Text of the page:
Duo only Reds to enjoy three career three-dinger games; all Tuesday blasts came on first pitch
By Robert Bondy
CINCINNATI -- Joey Votto on Tuesday night etched his name on a Reds list that previously featured only Johnny Bench.
Votto knocked three home runs against the Phillies to lead Cincinnati to an 11-2 victory and secure the three-game series at Great American Ball Park. The three-homer game was Votto's third of his career and catapulted him into the record books as one of only two Reds to ever have three career three-home run games -- with the other being Bench.
"It's very cliche to say it, but any time you're alongside a name like that, it's an honor, it's meaningful," Votto said. "I'm humbled by it. I'm certainly not in his class, but to do something that he's done before is meaningful to me."
The two previous three-home run games for Votto came on May 13, 2012, against the Nationals and May 7, 2008, against the Cubs.
Votto started the game with a walk in his first at-bat, then homered in his next three -- in the third, fifth and seventh -- to finish the night 3-for-4 with four RBIs.
Votto hit his first on an 83-mph changeup from Aaron Harang, a former Red and teammate of Votto, to center field. It was Votto's second in the month of June and got him rolling. Todd Frazier followed immediately with his 17th blast to complete a back-to-back effort.
Votto again homered to center field in the fifth inning, this time on an 89-mph fastball from Harang. The play was reviewed for fan interference, but the call was confirmed after a 1-minute, 25-second review. It was the fourth home run Harang had surrendered on the evening and gave Votto his first multi-home run game since April 10, when he hit two against the Cardinals in Cincinnati.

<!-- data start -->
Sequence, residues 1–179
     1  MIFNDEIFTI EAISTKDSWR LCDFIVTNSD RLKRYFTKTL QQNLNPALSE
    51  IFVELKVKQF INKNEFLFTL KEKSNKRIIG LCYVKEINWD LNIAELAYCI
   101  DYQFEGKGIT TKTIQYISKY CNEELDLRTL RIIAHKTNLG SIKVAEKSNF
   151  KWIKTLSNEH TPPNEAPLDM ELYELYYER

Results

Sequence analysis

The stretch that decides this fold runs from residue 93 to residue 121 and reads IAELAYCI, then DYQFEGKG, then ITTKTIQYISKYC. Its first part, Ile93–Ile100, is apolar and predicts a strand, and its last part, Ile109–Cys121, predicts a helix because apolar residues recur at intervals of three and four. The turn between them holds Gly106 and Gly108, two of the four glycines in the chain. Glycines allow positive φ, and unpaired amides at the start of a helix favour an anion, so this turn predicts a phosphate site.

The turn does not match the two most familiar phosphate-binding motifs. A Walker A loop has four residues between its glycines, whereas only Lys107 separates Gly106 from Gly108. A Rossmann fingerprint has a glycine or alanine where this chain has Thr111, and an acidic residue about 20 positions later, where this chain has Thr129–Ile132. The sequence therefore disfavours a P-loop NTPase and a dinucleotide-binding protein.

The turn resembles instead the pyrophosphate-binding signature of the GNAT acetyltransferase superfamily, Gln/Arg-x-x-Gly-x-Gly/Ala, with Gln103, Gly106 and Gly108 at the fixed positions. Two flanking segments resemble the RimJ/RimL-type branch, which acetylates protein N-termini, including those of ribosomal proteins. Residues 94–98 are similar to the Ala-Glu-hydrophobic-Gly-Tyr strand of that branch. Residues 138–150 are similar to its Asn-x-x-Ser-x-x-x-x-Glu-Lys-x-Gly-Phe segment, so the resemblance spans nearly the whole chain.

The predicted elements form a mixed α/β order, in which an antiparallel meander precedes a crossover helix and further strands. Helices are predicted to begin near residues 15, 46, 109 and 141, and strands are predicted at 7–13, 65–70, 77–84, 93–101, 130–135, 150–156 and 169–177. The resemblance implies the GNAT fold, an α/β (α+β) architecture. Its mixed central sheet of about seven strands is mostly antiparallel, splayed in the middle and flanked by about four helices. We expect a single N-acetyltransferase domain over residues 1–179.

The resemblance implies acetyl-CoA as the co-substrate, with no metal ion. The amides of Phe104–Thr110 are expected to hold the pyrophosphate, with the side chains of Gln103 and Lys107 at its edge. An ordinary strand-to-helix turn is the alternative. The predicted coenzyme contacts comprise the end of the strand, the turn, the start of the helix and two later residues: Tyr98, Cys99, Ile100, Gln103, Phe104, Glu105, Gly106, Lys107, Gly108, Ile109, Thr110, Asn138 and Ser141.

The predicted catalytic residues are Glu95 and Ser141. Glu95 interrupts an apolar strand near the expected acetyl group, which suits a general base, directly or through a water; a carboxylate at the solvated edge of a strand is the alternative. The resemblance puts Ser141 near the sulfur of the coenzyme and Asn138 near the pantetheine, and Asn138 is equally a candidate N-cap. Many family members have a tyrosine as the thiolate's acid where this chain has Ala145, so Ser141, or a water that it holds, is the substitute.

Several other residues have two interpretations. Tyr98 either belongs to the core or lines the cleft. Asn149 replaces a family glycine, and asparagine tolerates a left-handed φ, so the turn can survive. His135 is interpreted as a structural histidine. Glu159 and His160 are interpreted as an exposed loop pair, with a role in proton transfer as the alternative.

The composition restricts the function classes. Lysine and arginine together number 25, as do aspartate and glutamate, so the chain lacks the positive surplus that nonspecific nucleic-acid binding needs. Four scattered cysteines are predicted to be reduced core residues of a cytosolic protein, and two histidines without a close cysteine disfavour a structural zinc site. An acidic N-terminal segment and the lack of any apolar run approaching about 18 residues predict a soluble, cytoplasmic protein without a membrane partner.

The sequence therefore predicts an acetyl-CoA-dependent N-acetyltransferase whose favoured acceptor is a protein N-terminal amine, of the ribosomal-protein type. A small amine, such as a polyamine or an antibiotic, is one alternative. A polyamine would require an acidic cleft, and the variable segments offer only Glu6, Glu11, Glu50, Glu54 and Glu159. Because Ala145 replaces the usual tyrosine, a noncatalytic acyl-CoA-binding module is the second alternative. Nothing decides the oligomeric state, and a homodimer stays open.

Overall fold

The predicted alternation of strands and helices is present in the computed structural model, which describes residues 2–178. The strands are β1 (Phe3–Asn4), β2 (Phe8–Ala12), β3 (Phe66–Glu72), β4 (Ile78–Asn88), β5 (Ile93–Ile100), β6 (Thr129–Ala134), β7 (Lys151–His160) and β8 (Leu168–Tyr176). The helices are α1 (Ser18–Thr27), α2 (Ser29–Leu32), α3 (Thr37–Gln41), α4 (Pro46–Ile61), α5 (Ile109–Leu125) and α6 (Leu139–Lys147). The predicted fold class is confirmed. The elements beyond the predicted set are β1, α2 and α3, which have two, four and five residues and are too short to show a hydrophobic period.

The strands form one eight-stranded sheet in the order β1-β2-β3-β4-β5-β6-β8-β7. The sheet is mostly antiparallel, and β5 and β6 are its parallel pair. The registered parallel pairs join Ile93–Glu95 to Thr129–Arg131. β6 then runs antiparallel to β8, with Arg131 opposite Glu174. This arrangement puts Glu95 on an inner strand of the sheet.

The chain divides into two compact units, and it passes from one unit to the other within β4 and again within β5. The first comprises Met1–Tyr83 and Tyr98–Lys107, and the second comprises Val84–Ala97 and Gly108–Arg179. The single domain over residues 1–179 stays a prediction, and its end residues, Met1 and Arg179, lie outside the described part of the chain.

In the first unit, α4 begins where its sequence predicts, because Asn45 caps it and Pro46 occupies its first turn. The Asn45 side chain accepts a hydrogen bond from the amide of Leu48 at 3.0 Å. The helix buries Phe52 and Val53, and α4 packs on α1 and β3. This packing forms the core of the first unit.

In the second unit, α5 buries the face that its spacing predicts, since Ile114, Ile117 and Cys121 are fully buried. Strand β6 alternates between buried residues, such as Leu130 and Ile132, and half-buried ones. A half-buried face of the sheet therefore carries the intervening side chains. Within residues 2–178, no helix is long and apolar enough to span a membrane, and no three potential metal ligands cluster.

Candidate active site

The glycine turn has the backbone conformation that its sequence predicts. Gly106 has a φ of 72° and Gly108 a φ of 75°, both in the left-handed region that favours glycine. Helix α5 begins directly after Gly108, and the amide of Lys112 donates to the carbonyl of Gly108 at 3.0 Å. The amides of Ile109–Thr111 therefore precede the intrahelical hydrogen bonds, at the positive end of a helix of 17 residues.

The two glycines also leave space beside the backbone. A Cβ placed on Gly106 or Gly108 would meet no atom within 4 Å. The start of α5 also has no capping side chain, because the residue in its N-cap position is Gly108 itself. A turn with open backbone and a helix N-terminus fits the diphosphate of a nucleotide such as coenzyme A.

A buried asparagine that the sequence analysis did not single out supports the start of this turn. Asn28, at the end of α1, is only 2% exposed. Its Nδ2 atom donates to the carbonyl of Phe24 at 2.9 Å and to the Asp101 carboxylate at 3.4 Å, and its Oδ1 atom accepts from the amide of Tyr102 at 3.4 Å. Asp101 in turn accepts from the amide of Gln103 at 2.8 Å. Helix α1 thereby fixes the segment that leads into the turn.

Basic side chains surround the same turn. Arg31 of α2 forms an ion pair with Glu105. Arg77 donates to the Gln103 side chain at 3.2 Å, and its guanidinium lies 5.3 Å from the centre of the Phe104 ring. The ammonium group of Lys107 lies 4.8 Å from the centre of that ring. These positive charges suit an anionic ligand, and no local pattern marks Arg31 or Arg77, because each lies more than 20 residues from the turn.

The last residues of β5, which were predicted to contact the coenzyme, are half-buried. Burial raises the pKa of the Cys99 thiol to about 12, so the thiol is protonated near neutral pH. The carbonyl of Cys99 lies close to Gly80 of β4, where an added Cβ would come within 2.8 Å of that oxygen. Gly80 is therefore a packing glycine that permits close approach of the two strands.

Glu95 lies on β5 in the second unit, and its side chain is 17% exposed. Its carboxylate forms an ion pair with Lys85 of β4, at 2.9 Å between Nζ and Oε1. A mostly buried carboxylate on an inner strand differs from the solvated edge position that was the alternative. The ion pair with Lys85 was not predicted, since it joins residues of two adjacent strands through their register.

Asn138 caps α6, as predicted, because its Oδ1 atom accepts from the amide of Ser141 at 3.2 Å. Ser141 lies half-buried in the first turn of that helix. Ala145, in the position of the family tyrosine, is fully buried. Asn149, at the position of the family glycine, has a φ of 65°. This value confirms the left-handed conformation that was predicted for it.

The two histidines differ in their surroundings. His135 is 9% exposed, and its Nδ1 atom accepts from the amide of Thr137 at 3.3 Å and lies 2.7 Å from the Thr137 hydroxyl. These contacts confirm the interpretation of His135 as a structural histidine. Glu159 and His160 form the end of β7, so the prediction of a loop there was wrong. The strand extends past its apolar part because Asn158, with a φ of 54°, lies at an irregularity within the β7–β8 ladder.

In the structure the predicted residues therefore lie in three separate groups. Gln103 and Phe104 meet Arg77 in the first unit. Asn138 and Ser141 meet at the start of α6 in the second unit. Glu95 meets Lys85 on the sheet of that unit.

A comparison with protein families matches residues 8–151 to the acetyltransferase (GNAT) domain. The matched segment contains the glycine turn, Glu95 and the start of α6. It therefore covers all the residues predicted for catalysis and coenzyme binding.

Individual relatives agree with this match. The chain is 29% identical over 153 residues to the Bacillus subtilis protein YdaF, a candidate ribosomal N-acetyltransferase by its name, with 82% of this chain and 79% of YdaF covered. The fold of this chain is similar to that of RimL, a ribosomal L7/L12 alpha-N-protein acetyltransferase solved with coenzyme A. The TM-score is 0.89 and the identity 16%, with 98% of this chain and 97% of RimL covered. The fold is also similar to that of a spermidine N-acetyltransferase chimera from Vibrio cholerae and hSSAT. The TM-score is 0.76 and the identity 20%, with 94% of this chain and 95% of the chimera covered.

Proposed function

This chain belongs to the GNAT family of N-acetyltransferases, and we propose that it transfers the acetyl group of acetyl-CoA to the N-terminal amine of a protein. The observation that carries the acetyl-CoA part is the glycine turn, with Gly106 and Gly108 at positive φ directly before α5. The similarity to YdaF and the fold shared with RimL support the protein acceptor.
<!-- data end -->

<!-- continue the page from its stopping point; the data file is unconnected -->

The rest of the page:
Votto completed his incredible night with his final home run in the seventh inning, a two-run shot to deep left field off Dustin McGowan.
Votto had a chance at a fourth home run in the eighth inning, but he grounded out against righty Jeanmar Gomez. Votto said with a laugh after the game that he was going for a fourth home run.
All of Votto's home runs came on the first pitch of the at-bat, something Harang noted after the game. Harang was impressed with Votto's ability to turn pitches out of the zone into dingers.
"Three homers on three pitches," Harang said. "First pitch a changeup down and away, then a first-pitch sinker down and away. The second one was even more ridiculous than the first one. It was down below his knees, and he hit it that way.
"When he really starts getting going, when he starts hitting the ball the opposite way -- balls down and away that are running away from him and he stays on them and drives them to left-center -- that's when he's really starting to get locked in."
Robert Bondy is an associate reporter for MLB.com. This story was not subject to the approval of Major League Baseball or its clubs.